Advice for Managers: 3 Toxic Dynamics to Avoid
Managers are only human, and it can be exhausting to have both people above and people below depending upon you to create results. Avoid the following three workplace dynamics and be a strong leader.
1. Relying on Past Experiences
Experience may be a great teacher. Relying too much on past experience can be a ticket to failure. As things change around us, we need to be flexible and change with them.
A new team member may have a different way of working than a manager has seen in the past. Different does not necessarily equal bad, and sometimes difference adds improvements. Available resources may change, and a good leader must be able to think on his feet. As the needs of the market changes, good leaders find ways to accommodate current needs.
Good leaders must be ever mindful of their current work environment: the team members, the resources available, and the population the business serves.
Narcissus was the Ancient Greek who fell in love with his own reflection, hence the current word, “narcissism.” People often misinterpret narcissism as meaning, “love of self.” Narcissus did not fall in love with himself, but rather, he fell in love with his reflection. The distinction is important.
Narcissistic managers are more concerned with how they appear, often in their superiors’ eyes, than how their team is doing. This may work for a while. The team the narcissist is managing may function, but the manager is only focusing on looking good to others. Eventually, without good leadership, the team will fail.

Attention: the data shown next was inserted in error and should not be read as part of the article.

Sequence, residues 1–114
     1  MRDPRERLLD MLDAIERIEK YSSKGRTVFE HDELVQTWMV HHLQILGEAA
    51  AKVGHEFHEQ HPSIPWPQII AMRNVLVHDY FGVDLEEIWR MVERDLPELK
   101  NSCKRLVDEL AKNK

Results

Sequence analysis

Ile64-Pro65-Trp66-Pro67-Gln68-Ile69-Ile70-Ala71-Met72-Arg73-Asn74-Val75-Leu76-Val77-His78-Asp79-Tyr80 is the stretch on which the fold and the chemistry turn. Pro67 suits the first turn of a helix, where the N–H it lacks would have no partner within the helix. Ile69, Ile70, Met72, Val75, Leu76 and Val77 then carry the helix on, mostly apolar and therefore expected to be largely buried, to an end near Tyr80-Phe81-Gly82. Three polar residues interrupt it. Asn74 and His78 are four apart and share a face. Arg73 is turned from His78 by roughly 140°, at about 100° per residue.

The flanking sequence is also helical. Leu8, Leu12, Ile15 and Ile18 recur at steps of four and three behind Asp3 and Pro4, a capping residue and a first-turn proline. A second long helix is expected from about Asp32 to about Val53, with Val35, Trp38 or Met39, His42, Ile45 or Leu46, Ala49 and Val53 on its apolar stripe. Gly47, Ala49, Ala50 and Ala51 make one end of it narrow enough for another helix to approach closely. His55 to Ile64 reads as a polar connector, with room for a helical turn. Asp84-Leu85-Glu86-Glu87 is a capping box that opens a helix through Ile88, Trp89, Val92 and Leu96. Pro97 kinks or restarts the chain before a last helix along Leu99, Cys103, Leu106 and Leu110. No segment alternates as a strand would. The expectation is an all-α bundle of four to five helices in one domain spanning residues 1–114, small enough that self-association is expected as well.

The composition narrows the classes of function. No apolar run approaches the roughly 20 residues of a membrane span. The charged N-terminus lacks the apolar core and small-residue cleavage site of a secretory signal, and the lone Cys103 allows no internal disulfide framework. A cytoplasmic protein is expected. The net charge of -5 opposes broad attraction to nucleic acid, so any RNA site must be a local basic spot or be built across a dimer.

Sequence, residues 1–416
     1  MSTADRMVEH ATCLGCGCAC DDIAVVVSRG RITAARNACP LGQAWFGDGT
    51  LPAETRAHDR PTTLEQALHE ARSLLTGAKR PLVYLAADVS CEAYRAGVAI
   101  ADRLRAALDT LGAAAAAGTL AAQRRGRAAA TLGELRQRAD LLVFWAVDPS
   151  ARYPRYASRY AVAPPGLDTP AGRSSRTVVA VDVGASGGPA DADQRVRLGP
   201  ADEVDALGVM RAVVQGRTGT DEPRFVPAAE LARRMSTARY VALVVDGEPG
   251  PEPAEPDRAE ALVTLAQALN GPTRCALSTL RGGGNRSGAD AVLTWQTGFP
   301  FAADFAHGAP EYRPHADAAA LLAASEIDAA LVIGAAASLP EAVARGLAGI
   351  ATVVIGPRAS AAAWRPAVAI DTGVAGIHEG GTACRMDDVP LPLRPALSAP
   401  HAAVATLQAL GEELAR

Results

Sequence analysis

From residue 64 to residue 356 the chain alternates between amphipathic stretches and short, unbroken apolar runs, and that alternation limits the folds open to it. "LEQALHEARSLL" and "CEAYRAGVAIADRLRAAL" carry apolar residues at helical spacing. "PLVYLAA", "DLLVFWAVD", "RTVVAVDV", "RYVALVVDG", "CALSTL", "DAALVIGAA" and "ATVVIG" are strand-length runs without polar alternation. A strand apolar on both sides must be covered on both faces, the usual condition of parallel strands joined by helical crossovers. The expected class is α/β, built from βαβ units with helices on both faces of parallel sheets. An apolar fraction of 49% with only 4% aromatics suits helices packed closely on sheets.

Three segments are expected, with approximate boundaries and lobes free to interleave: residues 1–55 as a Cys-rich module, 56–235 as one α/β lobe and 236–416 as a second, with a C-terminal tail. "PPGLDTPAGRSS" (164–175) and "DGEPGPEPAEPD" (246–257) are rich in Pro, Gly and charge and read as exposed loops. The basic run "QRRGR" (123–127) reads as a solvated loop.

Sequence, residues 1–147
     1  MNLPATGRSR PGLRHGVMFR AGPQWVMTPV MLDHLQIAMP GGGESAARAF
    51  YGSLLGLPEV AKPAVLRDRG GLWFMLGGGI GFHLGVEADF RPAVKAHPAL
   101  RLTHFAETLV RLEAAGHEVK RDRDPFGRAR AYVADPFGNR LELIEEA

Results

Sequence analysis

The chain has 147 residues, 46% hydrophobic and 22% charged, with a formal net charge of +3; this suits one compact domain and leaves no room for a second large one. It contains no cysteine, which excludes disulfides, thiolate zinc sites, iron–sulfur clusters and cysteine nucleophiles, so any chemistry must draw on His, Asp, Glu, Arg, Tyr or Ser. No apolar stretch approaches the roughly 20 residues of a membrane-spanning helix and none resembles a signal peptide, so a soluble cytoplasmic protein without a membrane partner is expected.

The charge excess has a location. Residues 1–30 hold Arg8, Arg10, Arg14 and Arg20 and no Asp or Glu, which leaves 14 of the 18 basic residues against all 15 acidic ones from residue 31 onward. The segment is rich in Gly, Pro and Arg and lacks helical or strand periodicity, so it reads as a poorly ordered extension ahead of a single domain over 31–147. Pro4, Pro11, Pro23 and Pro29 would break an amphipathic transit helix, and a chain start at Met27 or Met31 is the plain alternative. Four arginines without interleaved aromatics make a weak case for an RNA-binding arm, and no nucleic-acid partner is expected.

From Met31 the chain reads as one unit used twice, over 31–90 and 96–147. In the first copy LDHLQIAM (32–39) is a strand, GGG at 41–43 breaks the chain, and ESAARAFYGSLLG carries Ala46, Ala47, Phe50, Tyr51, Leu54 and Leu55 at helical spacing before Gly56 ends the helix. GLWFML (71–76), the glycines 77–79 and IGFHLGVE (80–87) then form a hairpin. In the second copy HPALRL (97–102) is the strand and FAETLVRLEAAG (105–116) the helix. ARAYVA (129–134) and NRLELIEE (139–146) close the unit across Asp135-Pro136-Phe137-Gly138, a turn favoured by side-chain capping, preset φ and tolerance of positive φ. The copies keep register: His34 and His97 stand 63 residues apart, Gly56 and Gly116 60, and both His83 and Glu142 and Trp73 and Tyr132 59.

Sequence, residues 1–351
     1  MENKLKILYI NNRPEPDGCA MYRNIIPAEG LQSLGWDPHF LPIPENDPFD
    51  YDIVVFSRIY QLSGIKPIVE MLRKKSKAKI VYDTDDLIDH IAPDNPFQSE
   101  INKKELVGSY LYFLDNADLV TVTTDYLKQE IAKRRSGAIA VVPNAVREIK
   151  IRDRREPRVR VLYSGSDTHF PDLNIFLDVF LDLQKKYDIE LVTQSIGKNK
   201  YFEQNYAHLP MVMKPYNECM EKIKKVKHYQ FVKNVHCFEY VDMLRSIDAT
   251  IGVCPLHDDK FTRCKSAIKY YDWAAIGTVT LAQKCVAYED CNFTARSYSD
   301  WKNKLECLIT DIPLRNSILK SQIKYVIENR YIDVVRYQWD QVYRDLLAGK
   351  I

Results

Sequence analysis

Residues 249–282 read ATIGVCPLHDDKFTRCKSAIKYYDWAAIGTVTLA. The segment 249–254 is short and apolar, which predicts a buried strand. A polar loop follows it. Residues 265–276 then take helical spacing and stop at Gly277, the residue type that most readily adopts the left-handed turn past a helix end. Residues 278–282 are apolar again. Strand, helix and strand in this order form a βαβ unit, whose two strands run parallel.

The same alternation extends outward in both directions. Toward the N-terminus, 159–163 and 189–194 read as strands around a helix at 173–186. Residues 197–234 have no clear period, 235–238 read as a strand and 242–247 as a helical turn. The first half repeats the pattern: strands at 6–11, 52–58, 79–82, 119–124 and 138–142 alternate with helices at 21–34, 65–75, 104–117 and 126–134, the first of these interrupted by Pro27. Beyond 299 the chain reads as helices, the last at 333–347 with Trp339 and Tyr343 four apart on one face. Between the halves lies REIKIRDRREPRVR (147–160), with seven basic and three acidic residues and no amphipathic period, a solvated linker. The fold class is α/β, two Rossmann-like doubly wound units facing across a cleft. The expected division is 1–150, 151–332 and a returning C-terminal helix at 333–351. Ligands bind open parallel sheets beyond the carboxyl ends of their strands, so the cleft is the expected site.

Good leaders focus on those they are managing more than they focus on those who are watching from above.
3. Lack of Faith in Self
While you may not rely solely on your past experiences, you must still trust yourself to lead.
Everybody makes mistakes. The leader who does not trust herself will spiral downward. After making one bad decision, her self-confidence plummets and she continues to make fast, poorly thought-out decisions.
Good leaders accept that they will make mistakes, and they learn from their mistakes. Have faith in your own ability to step back and analyze your situation. Think through how and why your decision was a mistake, and what you can do to improve things.
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